This crumble was made for a dinner we had over the weekend. I slow cooked a chicken, lemon and garlic dish, as well as roasted potatoes in the oven. Things were timed to perfection, with minimal fuss at the last minutes. But then the guests were late, around 45 minutes late. So the meal was dry and lacking in lusciousness. Hurrah for the crumble, the dish that saved dinner. As my culinary prowess crumbled around me, the crumble won hearts...

Typically I would make my crumble using sugar syrup to poach the fruit in. This method instead cooks the apples in butter, ensuring they maintain some texture as well as their shape. The port adds depth of flavour and is beautifully enhanced by the sourness of the berries. The crumble topping is how I make crumble, with lots of texture and taste. None of this breadcrumb only crumble for me please.

Apple, Raspberry & Port Crumble
Serves 6 to 8 with custard and ice cream.

20 g butter
6 apples, peeled, cored & diced into medium pieces
300 g frozen raspberries, slightly defrosted
300 ml port
185 g sugar
½ tsp ground cinnamon

Crumble topping:
60 g butter, softened
½ c. plain flour
½ c. raw sugar
½ c. oats
½ c. desiccated coconut

Pre-heat your oven to 180 ◦C.

Over a medium heat, melt butter in a large saucepan. Add the apple pieces. Stir well and cook for around 10 minutes until softened. Add the raspberries, port, sugar and cinnamon. Cover and cook for 8 minutes.

Using a slotted spoon, remove fruit from the cooking liquid and transfer to a suitable round cooking dish. Continue to cook the liquid uncovered until it reduces to a syrup-like consistency. This may take up to 10 minutes. Stir it occasionally to ensure it does not catch and burn on the bottom. Pour this liquid over the fruit.

Make the crumble topping by combining all the ingredients. Mix it together well, rubbing the butter into the other ingredients. It is messy, but easy to do with your hands. The mixture should be chunky rather than sticky, getting towards being like breadcrumbs but not smooth. Crumble the topping over the fruit.

Bake in the oven for 35 minutes, until golden in parts.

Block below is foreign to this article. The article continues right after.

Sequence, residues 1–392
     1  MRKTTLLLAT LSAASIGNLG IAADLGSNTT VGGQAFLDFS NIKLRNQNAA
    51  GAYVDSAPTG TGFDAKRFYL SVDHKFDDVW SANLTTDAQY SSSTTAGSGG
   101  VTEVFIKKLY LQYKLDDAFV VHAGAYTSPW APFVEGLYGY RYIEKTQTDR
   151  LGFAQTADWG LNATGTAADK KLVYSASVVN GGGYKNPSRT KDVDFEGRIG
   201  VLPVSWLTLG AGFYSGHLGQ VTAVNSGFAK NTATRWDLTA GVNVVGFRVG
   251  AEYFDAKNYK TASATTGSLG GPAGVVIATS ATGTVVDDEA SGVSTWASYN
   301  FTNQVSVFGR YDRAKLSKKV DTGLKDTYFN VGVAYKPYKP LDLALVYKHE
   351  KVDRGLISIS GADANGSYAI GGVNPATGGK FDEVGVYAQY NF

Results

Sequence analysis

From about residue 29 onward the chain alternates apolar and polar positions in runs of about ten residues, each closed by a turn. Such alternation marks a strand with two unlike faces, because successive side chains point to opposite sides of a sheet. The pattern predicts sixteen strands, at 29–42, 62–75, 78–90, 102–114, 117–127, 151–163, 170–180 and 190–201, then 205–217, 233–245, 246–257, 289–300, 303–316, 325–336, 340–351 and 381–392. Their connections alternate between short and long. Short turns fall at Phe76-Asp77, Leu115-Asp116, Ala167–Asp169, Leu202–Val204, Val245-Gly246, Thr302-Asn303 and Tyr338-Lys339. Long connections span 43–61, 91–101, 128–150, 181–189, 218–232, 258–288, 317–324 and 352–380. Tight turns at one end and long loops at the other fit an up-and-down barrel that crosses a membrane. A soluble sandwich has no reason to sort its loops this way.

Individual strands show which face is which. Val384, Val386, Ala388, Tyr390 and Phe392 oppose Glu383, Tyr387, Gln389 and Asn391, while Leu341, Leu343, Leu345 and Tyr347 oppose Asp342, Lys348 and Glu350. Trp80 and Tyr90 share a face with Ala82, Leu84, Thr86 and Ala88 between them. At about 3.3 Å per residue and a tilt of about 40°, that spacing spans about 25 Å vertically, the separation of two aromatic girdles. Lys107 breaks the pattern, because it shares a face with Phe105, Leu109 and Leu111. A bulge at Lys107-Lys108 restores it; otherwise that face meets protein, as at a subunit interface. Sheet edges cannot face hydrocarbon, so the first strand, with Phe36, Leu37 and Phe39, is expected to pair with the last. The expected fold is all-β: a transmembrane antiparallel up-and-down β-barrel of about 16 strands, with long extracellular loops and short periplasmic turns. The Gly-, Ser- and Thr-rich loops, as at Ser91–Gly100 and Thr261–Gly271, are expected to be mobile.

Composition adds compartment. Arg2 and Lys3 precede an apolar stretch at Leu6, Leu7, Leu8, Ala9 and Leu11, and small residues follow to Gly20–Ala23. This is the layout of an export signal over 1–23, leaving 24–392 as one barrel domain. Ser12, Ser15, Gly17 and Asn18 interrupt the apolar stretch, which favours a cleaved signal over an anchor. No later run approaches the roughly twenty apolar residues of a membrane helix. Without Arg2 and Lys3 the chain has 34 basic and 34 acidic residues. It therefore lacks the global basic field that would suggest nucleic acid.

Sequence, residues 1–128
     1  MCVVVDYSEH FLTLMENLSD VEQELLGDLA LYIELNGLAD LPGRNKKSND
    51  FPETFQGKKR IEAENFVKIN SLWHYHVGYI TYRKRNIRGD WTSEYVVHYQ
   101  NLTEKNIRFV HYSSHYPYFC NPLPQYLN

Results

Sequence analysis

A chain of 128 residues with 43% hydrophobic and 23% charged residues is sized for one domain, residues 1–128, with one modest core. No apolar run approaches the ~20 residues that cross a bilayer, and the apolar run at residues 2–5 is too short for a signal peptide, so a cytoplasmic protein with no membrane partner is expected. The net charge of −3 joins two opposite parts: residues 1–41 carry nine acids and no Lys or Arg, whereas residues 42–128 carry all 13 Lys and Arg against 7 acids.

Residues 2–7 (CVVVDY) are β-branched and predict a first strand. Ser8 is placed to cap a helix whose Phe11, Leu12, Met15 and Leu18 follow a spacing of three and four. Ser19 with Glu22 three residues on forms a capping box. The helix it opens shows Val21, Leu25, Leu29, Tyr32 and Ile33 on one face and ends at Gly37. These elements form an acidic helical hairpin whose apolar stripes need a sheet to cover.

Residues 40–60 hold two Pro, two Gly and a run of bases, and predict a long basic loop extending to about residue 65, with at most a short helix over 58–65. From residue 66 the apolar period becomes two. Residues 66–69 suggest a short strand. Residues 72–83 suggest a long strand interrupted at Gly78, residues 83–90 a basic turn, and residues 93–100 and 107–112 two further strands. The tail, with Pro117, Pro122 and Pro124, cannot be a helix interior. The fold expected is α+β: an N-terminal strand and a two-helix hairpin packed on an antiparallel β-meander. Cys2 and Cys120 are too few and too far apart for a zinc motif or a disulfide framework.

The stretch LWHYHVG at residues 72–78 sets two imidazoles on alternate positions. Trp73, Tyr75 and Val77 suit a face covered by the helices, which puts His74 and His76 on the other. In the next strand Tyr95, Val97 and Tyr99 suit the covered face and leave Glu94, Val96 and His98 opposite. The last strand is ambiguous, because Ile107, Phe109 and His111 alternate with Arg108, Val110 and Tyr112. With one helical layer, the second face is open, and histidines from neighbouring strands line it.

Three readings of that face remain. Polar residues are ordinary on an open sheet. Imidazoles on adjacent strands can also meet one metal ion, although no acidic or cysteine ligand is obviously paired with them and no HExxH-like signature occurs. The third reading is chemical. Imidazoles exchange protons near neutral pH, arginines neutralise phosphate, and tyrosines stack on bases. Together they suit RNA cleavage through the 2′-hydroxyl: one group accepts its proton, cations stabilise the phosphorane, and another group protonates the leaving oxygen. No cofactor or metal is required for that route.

Serve hot with ice cream, warm with custard or even cold with yoghurt for breakfast the next day.

Adapted from Delicious magazine August 2007.

Sunday, October 18, 2009

Saturday morning muffins...

Up Side Down Muffins, originally uploaded by the_bashful_owl.

When I wake up on Saturdays, all I want to do is stay in bed, hug my fella and have breakfast magically appear on a tray for me. In reality, I wake up too early as my body has adjusted to working from 8 a.m., my fella is snoring away and no one had put the coffee on to boil. Drats!

But this Saturday was close to perfection. A late start after a late night so somewhat of a sleep in, video hits raging on telly, two pots of bialetti coffee brewing away and a few ripe bananas screaming out to be transformed. No pancakes this day though, as I was after a more labour-less approach to my morning. Rather, a minimal mix of a few bowls, a sprinkling of chocolate chips, twenty-five minutes later, and hot fresh muffins were there for the taking.

My somewhat slimmed down hips should have been protesting. Muffins for breakfast is really just eating cake. Particularly if they contain chocolate. But these have very little sugar, and lots of fruit in them. Or so I told myself...

Banana Chocolate Chip Muffins
Makes 7 giant ones.

2 c. self-raising flour
½ c. sugar
½ c. small chocolate chips
2 ripe bananas, or so
1 c. milk
1 egg, lightly beaten
20 g butter, softened
Spray oil, or similar for greasing your muffin pans

Pre-heat your oven to 180 ◦C. Grease a 6-hole Texan muffin tray with a spray of oil.

Sift the flour into a large bowl. Add sugar and chocolate chips. Stir to combine.